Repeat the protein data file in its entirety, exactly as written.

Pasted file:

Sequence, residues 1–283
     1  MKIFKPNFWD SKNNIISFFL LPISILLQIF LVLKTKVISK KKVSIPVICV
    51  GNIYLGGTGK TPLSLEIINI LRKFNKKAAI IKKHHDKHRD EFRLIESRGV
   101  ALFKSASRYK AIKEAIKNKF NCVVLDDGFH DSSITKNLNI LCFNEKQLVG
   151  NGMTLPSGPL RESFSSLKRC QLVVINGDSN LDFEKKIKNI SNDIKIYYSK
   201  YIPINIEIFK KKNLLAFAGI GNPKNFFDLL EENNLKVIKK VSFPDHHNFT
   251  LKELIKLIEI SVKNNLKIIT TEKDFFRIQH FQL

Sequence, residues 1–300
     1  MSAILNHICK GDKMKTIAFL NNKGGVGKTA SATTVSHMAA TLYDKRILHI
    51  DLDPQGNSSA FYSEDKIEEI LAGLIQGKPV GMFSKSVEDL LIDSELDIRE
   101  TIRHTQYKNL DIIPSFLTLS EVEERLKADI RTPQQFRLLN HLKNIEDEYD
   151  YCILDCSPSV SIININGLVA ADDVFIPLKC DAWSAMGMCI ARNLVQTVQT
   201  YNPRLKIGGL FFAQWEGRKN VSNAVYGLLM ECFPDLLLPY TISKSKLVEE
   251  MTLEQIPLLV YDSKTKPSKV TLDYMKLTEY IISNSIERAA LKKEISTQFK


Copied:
Sequence, residues 1–283
     1  MKIFKPNFWD SKNNIISFFL LPISILLQIF LVLKTKVISK KKVSIPVICV
    51  GNIYLGGTGK TPLSLEIINI LRKFNKKAAI IKKHHDKHRD EFRLIESRGV
   101  ALFKSASRYK AIKEAIKNKF NCVVLDDGFH DSSITKNLNI LCFNEKQLVG
   151  NGMTLPSGPL RESFSSLKRC QLVVINGDSN LDFEKKIKNI SNDIKIYYSK
   201  YIPINIEIFK KKNLLAFAGI GNPKNFFDLL EENNLKVIKK VSFPDHHNFT
   251  LKELIKLIEI SVKNNLKIIT TEKDFFRIQH FQL

Sequence, residues 1–300
     1  MSAILNHICK GDKMKTIAFL NNKGGVGKTA SATTVSHMAA TLYDKRILHI
    51  DLDPQGNSSA FYSEDKIEEI LAGLIQGKPV GMFSKSVEDL LIDSELDIRE
   101  TIRHTQYKNL DIIPSFLTLS EVEERLKADI RTPQQFRLLN HLKNIEDEYD
   151  YCILDCSPSV SIININGLVA ADDVFIPLKC DAWSAMGMCI ARNLVQTVQT
   201  YNPRLKIGGL FFAQWEGRKN VSNAVYGLLM ECFPDLLLPY TISKSKLVEE
   251  MTLEQIPLLV YDSKTKPSKV TLDYMKLTEY IISNSIERAA LKKEISTQFK